Monday, 2 February 2009


Too excited to post more at present. I have just offered my services as a walking escort to my mum so she can get to work, since all transport as we know it has picked up its skirts and shrieked at the prospect of moving through snow. I will return with photographs! Or I’ll be out playing working somewhere. Ahem.

I don't think I will seek full-time employment as a walking snow-cab. According to AA Route Planner, I have managed 9.6 miles today, trudging there and back twice through snow. The first time I did it in my trainers, the second time I togged myself up as if I was on the Alps. Out came my snowboarding boots, jacket, fleece, and a little snoody thing pulled up over my ears bought from Sunshine Valley in Banff (oh Canada, how I miss thee in this weather). I looked like a serious snow walker. Either that, or I looked like I was insane.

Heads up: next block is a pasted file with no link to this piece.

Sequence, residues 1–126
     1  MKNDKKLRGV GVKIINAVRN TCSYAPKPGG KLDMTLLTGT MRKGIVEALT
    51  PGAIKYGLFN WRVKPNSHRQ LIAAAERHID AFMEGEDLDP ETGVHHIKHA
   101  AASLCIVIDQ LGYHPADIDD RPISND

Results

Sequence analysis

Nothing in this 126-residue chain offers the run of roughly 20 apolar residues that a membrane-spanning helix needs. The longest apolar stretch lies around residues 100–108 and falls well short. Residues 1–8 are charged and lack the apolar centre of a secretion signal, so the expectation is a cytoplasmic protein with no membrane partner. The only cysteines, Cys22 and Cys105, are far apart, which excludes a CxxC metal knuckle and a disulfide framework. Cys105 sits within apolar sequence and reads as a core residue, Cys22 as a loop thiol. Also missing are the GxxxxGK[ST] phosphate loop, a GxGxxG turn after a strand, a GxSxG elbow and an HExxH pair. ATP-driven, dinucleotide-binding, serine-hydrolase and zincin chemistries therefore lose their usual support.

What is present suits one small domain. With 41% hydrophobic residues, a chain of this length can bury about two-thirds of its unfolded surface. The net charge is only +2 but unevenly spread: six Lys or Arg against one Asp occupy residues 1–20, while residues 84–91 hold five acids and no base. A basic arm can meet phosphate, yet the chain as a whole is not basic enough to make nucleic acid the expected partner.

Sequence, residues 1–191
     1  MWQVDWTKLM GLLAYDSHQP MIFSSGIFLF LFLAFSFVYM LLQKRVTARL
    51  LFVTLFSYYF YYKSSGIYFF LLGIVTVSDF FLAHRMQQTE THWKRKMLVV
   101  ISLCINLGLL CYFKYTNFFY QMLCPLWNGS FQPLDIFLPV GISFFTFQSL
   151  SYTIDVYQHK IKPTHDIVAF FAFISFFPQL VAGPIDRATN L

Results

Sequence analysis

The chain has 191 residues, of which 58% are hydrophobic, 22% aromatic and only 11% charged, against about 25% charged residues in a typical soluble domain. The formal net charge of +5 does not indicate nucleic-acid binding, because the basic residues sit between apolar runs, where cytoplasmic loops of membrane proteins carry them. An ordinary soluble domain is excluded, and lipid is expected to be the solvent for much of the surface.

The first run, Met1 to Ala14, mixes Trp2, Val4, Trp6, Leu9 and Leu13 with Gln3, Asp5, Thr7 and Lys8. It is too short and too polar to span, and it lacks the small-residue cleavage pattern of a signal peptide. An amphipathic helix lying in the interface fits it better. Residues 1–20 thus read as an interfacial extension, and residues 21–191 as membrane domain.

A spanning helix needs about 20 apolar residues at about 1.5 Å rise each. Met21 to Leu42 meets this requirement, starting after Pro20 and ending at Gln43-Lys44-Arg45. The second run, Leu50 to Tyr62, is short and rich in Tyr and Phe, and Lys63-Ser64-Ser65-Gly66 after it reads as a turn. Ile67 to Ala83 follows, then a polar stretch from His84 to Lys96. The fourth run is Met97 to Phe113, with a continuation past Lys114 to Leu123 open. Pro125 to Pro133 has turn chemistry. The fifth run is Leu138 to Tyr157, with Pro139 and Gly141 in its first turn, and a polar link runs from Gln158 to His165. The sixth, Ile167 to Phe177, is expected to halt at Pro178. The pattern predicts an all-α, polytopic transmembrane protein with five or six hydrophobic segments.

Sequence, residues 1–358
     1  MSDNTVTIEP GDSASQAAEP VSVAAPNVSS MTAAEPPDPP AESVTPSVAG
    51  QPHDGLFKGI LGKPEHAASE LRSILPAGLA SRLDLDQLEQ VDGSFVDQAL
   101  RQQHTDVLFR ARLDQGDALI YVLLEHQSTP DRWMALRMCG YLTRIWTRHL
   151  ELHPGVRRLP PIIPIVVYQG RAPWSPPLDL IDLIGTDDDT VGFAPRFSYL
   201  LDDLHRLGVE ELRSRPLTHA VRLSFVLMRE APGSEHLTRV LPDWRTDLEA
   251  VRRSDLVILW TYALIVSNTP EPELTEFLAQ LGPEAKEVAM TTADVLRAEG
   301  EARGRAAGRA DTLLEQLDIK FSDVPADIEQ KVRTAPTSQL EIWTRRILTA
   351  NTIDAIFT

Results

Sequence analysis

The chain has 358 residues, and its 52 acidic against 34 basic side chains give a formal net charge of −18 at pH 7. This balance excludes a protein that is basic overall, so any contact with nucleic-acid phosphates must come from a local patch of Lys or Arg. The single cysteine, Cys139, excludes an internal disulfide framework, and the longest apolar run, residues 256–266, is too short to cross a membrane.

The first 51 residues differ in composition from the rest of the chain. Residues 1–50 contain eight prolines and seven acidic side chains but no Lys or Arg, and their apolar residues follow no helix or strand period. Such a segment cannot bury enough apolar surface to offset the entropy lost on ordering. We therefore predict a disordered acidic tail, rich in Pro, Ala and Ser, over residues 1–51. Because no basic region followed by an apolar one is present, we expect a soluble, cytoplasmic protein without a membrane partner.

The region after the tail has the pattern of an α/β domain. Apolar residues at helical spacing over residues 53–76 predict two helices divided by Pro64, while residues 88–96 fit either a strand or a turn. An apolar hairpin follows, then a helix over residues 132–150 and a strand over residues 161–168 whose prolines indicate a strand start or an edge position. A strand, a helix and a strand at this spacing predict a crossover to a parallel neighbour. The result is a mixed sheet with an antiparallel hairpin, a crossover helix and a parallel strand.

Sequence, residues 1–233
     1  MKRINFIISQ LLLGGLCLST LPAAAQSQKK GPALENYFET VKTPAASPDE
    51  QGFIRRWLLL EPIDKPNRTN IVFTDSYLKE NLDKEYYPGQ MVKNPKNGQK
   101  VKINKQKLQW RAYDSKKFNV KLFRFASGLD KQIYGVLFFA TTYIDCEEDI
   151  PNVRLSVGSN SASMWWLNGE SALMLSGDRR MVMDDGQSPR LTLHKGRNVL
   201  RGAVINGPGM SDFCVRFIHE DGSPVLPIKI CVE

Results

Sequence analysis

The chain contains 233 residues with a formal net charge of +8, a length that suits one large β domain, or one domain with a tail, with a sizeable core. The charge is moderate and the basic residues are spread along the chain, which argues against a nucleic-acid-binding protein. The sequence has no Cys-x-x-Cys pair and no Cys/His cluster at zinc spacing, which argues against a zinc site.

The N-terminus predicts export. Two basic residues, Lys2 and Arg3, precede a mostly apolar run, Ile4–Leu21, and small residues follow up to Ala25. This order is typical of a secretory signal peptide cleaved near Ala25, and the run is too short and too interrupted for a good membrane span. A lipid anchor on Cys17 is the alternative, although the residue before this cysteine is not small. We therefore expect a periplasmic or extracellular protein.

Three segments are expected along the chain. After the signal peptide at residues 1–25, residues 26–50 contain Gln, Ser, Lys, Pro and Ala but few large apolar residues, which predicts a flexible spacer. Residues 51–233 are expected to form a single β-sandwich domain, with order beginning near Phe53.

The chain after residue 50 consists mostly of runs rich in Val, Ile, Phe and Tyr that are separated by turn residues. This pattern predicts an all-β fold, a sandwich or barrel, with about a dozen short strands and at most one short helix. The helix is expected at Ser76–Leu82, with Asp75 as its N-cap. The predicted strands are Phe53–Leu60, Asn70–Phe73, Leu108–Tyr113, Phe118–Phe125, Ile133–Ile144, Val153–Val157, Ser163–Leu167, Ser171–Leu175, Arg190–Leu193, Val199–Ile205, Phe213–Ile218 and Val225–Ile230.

I love that quiet that descends during a snow-fall. No traffic, no birds, no people passing by - just a soft whomp every so often as snow falls from a tree bough. Children delighted with a day off school coax parents out into the front garden to make fat snowmen. Elderly men grimly shovel the snow off their path, trousers tucked into socks. Teenagers forget the studied attitude they drag around with them and revert to children, giggling and flinging snowballs at each other. The television and radio revert back to old-style importance, family gathering to watch reports of people snowboarding in Brighton, ski-ing down Primrose Hill in London, sledging in York. Cupboards are checked as if preparing for seige conditions, bread and milk are rationed. People acknowledge each other more than usual, and nod as they walk past. I like that most of all.

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